Thursday, May 21, 2009
Smooth 'n Creamy
Looking at Marco Pinotti's cadence from his winning TT in the 2008 Giro, it's clear he was focussed on maintaining a steady pedal speed between 95 and 105rpm. His power output is steady, slightly increasing from beginning to end.
Pinotti makes use of what I'll call the stasis principle: that is, constant efforts are easier than modulated efforts--the kind of herky-jerky madness found in MABRA races. While maximizing modulation is effective in training, smoothing out modulation--achieving stasis--is ideal in a race for maximizing your power and minimizing energy expenditure.
That's why Greenbelt is a difficult race.
Stasis: On Tuesday night I found a relatively steady place to ride and averaged about 275w for about almost an hour. Hard, but not killer hard.
Modulation: At Greenbelt, I averaged 265w. During a 15 minute breakaway, one of my hardest efforts in a long time, I managed slightly over 300w--depressingly puny wattage, and below my best 20 minute effort.
Why was Greenbelt harder, though I put out less watts than I had the night before on a training ride?
Because it was a modulated effort. Greenbelt is on the side of a hill, one with 400w climbs and 100w descents. My 15 minute breakaway was hard, and even though it was steadier than riding in the pack, it was still a 200w swing in effort from one side of the hill to the other.
While local champ Peter Cannell urges us to use stasis in training, the more common refrain is wingate sprints, intervals < 10 minutes, and highly modulated training.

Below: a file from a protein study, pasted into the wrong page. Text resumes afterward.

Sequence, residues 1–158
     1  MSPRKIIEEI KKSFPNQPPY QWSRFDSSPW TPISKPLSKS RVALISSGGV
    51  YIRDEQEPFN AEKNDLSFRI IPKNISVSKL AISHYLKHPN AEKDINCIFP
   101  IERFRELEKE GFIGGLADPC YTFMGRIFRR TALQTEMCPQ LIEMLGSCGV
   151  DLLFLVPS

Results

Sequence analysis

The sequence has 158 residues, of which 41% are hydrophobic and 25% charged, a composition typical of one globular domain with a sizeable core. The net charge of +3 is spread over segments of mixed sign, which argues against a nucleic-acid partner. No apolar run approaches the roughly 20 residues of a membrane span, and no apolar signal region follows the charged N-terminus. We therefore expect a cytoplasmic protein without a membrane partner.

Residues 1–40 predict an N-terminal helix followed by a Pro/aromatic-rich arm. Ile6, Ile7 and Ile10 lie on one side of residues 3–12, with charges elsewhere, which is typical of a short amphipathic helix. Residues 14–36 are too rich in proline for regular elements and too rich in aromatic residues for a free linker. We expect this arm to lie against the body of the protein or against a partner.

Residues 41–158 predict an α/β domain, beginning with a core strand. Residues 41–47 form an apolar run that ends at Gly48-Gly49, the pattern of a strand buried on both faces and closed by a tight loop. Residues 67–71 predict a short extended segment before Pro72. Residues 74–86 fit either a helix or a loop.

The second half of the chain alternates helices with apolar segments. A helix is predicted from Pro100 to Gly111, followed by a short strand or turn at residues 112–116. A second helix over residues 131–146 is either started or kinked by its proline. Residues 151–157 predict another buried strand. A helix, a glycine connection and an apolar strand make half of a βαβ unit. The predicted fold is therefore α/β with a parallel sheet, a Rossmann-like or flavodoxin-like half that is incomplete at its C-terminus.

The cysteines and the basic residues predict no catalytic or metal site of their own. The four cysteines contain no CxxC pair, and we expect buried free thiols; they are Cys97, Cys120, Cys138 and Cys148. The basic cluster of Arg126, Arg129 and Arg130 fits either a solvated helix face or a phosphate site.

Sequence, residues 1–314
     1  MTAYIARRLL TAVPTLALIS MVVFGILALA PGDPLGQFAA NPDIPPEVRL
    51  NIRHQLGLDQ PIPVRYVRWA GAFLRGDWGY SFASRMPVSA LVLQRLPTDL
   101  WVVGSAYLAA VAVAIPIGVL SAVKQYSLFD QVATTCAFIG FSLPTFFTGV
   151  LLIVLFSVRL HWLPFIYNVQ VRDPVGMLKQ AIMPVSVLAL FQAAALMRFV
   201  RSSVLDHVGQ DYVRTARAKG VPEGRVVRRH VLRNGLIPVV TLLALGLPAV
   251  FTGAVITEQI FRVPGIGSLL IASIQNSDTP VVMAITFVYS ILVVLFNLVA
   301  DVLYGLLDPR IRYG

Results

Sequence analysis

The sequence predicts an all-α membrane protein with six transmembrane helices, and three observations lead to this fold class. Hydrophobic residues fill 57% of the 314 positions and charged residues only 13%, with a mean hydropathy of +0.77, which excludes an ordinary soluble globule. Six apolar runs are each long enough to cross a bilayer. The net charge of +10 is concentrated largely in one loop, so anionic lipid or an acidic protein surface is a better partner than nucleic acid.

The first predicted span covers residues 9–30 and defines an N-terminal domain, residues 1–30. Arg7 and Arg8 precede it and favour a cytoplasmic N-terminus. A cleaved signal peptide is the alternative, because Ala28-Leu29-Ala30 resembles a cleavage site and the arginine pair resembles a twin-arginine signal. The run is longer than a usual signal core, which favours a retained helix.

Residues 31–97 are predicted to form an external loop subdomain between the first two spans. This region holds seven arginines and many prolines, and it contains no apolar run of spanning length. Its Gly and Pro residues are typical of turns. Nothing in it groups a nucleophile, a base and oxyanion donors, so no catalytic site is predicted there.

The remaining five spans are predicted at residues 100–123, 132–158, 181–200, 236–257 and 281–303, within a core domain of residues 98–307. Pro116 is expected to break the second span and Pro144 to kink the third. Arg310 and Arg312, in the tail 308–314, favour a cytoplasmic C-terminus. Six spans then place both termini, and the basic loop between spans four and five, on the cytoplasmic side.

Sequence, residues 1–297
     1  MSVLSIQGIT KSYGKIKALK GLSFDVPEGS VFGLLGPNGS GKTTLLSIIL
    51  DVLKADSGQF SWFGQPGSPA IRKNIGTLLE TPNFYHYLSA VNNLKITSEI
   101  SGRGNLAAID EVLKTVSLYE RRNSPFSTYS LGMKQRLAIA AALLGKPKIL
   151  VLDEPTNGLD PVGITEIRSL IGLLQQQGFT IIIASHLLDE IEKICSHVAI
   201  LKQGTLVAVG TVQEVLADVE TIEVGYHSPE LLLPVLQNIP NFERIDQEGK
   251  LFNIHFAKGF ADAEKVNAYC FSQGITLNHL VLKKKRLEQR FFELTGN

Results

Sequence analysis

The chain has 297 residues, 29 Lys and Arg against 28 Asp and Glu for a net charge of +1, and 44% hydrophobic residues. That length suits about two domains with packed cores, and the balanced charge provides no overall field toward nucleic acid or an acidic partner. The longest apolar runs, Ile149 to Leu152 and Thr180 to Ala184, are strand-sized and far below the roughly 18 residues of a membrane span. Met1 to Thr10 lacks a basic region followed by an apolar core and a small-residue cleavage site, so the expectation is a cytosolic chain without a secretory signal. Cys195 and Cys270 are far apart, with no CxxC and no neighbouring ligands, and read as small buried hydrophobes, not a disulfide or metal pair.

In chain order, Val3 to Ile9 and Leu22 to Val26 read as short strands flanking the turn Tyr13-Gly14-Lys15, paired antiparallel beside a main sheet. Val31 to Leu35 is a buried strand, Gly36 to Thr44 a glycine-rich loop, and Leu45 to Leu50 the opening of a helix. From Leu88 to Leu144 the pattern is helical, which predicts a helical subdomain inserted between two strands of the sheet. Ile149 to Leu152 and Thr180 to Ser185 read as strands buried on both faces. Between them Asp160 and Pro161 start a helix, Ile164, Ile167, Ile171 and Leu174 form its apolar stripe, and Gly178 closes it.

I'm no expert on training and which approach will help you get stronger. But I do think the principle of stasis applies to races. Some suggestions:
(1) Keep your cadence low. Some studies suggest that "spinning" while the peloton is moseying actually tires you out more than turning over a large gear at cadences < 90.
(2) Stay in the saddle. Standing up is slightly less efficient than sitting.
(3) When putting out short efforts (4-7 minutes), keep your cadence between 80-90rpms.
(3) If possible, don't jump out of corners. Better to give up a few place and try to make it up on the straightaways or downhill sections. Yesterday, I saw countless guys jumping out of their saddles, throwing down way too many watts and whipping their bikes all over the place, only to brake hard once they realized they were going to ram into the backend of the guy ahead of them. I saw some guys do this repeatedly.
Keep it smooth and creamy.
Sources: Ed Burke's High Tech Cycling, Stephen Cheung